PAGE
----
Library users 'become better readers'
- 4 February 2011
- From the section Education & Family
Children who use their local public library are twice as likely to be above average readers, a report has said.
A survey of 17,000 children in Great Britain for the National Literacy Trust found they were also twice as likely to read outside class daily.
Those reading below the expected level for their age were twice as likely not to use their local libraries, it said.
Public libraries do not disproportionately attract children from poor or rich homes, it added.
The research is published as communities across England campaign to save their local libraries from budget cuts.
It was based on a survey carried out online through teachers in 112 schools in England, Scotland and Wales with 17,000 eight- to 16-year-old pupils.
It found that just under half (44%) of the children surveyed used their public library.
Those that did not go were more than three times more likely not to read outside class and to rate themselves as not very good readers.
The most common reason for children not to go to their public library was that their family did not go.
The report said: "Family engagement is well understood as a key element in supporting educational achievement, and it seems that public library use, as well as being associated with similar positive child outcomes to school library use, has in addition a particularly specialised correlation with family support for reading.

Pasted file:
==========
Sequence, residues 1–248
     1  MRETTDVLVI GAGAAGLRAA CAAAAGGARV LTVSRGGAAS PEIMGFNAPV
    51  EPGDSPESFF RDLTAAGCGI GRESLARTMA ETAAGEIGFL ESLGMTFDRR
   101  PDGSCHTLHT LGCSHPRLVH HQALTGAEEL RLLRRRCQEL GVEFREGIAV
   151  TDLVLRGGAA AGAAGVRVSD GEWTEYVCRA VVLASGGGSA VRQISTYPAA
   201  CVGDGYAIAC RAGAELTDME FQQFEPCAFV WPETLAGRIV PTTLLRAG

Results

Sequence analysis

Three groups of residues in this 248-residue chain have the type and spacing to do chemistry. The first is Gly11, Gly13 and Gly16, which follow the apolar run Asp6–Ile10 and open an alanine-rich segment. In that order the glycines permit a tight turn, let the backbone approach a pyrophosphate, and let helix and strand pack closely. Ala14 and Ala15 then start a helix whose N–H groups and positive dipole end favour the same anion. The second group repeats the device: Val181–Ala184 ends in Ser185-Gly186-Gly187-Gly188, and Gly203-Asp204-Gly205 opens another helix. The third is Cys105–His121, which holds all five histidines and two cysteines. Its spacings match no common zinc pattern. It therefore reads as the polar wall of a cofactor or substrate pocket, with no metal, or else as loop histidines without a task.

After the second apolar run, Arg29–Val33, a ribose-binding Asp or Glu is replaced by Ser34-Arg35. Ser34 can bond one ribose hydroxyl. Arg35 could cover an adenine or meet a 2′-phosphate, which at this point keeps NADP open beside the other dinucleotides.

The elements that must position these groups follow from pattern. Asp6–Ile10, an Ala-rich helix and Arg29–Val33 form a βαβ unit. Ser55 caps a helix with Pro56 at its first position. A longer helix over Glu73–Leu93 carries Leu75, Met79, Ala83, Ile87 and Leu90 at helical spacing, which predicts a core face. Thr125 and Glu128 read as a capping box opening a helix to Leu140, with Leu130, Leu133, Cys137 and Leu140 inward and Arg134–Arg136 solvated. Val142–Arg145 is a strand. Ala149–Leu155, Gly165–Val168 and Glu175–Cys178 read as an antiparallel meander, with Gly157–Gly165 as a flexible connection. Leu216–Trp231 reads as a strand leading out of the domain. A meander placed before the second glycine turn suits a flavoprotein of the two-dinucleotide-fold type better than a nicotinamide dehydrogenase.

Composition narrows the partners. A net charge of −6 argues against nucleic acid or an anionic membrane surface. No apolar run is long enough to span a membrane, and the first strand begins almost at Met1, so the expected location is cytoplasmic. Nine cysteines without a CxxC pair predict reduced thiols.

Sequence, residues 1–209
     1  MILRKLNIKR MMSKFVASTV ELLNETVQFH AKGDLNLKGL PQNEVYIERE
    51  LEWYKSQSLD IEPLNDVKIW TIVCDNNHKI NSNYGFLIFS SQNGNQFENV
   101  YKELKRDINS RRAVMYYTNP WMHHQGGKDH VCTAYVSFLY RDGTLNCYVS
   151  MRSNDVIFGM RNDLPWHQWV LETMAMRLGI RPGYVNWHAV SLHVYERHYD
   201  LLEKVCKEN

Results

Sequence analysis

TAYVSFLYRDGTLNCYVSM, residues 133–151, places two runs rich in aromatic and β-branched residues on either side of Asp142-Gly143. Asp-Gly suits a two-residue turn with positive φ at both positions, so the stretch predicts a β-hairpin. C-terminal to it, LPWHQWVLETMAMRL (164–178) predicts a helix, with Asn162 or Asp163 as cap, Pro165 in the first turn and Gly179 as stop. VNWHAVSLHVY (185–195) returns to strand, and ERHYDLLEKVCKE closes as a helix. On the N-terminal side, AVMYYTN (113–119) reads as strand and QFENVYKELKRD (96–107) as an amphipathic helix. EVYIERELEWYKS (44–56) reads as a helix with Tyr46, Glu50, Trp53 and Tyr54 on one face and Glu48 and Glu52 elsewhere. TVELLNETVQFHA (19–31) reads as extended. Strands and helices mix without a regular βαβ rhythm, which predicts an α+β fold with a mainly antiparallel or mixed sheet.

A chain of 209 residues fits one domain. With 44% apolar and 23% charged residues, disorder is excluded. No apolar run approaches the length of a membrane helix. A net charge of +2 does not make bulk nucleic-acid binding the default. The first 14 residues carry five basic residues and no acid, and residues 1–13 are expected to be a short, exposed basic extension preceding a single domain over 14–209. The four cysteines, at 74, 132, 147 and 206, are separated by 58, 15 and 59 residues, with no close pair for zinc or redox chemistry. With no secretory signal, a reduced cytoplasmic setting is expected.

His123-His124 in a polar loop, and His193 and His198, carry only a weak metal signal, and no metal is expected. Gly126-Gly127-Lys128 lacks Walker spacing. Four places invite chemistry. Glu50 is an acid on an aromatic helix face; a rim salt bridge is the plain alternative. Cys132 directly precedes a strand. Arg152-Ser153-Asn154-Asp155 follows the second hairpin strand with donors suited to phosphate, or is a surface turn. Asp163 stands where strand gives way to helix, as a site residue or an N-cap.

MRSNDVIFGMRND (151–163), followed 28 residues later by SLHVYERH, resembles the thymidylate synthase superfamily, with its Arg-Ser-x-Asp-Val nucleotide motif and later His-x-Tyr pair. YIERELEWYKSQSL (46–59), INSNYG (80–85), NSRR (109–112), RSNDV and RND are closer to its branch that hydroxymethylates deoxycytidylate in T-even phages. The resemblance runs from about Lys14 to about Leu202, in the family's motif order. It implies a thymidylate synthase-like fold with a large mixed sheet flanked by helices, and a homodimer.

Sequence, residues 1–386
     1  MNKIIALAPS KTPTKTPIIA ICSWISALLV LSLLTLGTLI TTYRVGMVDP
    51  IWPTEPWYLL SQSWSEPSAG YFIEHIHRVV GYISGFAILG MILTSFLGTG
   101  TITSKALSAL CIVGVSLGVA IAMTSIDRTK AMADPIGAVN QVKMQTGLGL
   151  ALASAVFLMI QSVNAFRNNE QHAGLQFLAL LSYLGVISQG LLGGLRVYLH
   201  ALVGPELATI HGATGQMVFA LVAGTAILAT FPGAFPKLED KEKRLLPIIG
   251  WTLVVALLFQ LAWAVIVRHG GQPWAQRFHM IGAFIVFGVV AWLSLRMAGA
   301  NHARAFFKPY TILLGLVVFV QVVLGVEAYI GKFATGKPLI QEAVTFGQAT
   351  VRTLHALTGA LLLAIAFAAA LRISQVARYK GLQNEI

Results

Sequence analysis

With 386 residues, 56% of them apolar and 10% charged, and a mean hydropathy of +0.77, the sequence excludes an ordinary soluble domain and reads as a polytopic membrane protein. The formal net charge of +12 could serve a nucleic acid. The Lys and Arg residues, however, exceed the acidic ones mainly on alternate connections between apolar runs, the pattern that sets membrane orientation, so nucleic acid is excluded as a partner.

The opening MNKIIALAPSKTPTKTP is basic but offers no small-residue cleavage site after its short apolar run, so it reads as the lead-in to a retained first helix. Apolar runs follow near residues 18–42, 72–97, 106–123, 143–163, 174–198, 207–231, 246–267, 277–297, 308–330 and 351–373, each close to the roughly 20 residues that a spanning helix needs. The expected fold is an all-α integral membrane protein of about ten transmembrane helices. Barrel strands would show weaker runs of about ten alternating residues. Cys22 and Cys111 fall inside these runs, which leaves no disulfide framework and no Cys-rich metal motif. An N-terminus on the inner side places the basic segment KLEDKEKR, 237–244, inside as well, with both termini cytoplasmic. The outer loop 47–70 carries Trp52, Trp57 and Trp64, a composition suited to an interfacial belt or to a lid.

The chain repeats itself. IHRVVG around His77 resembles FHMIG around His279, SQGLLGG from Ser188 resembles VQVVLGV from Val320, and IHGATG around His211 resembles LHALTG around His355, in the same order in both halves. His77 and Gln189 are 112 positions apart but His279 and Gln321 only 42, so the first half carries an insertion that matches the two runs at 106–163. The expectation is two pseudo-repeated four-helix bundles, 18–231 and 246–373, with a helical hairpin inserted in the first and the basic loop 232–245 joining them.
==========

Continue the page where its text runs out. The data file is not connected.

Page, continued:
"Young people who use their public library are twice as likely to say that they talk with their family about what they are reading at least once a week and report that they get significantly more encouragement from their parents in reading generally."
The study said that although the link between good reading standards and library use was not necessarily causal, public libraries have a role in the reading patterns of pupils.
Director of the National Literacy Trust Jonathan Douglas says the research showed how important a role libraries had in supporting literacy.
"In the UK today one in six people struggles to read, write and communicate, which can affect their health, confidence and employability.
"The National Literacy Trust campaigns to improve public understanding of the vital importance of literacy."